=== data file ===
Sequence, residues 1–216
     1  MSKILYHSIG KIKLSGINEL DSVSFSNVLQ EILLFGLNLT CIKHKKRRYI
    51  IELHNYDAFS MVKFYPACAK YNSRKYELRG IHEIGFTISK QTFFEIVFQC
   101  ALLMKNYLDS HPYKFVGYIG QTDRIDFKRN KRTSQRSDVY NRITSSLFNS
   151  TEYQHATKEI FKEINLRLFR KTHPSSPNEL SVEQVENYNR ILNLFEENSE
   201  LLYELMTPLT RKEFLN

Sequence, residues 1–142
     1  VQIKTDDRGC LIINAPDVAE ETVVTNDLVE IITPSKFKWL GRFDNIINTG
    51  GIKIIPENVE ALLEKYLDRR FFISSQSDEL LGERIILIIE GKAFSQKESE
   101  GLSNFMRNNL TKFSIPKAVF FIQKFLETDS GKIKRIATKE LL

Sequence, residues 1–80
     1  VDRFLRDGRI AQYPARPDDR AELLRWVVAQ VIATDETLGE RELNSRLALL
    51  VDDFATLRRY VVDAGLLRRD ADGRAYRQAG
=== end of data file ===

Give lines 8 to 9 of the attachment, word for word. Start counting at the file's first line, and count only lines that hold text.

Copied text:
     1  VQIKTDDRGC LIINAPDVAE ETVVTNDLVE IITPSKFKWL GRFDNIINTG
    51  GIKIIPENVE ALLEKYLDRR FFISSQSDEL LGERIILIIE GKAFSQKESE